Fox "political analyst" Morris uses position to fundraise for Brown
"Please, please help" Brown, Morris urges viewers. During the January 11 edition of Fox News' Hannity, political analyst Dick Morris urged viewers  to "go to DickMorris.com ... to help elect Brown," because if "we win this fight, then there will never be another victory for Obama." DickMorris.com includes a fundraising plea "to help us raise $300,000 for a last minute media buy to push Brown and the Republicans to victory"; Fox News executives allow Morris to solicit funds for Republican efforts despite reportedly telling colleague Mike Huckabee to cease conflict-of-interest promotions that help his political action committee.
Fox provided airtime to GOP and conservative candidates in November '09 elections, and on-air personalities celebrated and shilled for them
Conservative candidates stump on Fox during lead-up to elections. In the two weeks  leading up to the November 3, 2009, elections, Conservative Party congressional candidate Doug Hoffman, New Jersey Republican gubernatorial candidate Chris Christie, and Virginia Republican gubernatorial candidate Bob McDonnell appeared on Fox News and its personalities' radio shows at least 16 times for live interviews lasting a total of 114 minutes and 36 seconds. Christie made at least five appearances, totaling almost 37 minutes on Fox News and its personalities' radio shows; McDonnell made at least three appearances totaling 18 minutes; and Hoffman made at least seven appearances totaling almost 60 minutes.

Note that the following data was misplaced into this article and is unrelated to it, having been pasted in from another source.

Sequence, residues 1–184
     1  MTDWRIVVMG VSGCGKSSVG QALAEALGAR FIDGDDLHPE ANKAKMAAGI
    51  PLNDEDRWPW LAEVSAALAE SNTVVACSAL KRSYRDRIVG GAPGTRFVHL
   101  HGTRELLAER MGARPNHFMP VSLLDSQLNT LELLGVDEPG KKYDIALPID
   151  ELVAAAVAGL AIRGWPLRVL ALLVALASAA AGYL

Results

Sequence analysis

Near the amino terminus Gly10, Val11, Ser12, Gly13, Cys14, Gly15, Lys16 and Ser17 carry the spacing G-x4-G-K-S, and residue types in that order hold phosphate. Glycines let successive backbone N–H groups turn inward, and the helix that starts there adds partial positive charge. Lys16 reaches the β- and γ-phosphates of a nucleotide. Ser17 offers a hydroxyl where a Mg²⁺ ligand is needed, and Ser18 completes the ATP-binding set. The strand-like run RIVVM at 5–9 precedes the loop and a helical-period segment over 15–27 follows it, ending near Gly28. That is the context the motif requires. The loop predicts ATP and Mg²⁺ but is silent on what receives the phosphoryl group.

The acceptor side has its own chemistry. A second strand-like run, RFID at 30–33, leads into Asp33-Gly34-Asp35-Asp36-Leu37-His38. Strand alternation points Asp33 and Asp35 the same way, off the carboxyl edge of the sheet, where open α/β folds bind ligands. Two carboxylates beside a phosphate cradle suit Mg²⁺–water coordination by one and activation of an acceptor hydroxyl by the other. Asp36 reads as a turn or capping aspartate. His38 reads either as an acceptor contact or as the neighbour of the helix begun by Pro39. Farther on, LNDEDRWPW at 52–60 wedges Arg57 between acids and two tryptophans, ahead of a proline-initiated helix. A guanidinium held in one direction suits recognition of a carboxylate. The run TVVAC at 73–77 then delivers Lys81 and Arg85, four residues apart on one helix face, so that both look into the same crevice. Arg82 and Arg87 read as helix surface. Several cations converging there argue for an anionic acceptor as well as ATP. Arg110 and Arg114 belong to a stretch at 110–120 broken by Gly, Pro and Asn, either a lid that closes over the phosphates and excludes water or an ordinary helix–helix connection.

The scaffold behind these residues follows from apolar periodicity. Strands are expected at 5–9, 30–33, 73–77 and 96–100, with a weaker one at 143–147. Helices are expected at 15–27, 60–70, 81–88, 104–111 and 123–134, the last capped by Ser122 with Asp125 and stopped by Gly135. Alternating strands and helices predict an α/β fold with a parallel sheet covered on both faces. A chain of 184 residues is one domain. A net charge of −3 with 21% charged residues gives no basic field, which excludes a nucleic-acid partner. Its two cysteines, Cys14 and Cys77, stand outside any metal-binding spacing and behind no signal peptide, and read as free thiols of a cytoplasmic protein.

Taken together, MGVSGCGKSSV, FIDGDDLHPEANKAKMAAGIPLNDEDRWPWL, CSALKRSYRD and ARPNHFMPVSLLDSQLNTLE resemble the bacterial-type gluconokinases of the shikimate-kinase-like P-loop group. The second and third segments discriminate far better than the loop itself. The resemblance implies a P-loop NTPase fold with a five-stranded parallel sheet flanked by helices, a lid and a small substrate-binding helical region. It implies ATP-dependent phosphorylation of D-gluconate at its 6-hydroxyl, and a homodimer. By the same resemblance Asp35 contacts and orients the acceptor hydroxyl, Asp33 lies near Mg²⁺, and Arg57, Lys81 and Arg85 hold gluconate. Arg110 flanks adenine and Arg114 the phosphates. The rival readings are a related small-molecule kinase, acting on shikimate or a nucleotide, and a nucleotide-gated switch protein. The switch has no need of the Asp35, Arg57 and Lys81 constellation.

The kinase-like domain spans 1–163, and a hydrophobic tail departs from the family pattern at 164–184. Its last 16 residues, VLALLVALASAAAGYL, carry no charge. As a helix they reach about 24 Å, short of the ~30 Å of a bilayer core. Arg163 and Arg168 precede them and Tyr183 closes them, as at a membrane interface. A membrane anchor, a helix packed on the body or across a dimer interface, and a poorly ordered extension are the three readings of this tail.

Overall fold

Fox News hosts, political analysts spend Election Day celebrating and shilling for conservatives and GOPers. On November 4, 2009, numerous Fox News hosts and political analysts encouraged  voters to donate to and volunteer and vote for GOP and conservative candidates, including Christie, McDonnell, and Hoffman. The Fox News personalities included Mike Huckabee, Sean Hannity, Karl Rove, Newt Gingrich, Tammy Bruce, and Eric Bolling.
Leading up to elections, Fox personalities promoted conservative and GOP candidates and helped fundraise for them. Fox News hosts and analysts offered support for McDonnell, Christie, and Hoffman and their fundraising efforts leading up to the elections. For example, on his November 2, 2009, Fox News show, Hannity told  Hoffman, "I hope I'm on the air this time tomorrow night and I'll be able to declare you the winner." On November 3, 2009, on Twitter, Fox News contributor Karl Rove encouraged  his followers to donate to the Republican Governor's Association in order to help Christie's campaign. On two Fox News shows in October 2009, Huckabee directed  viewers to "go to balancecutsave.com ," urging them to sign a petition telling Congress to "balance the budget," "cut their spending," and "save American families"; however, balancecutsave.com  redirected visitors to Huckabee's political action committee, which financially supports Republican candidates. Subsequently, Huck PAC apparently emailed petition signers -- who were required to provide an email address in order to sign the "balancecutsave" petition -- a "newsletter" urging political action on behalf of Republican-backed candidates Bob McDonnell, David Harmer, and Doug Hoffman.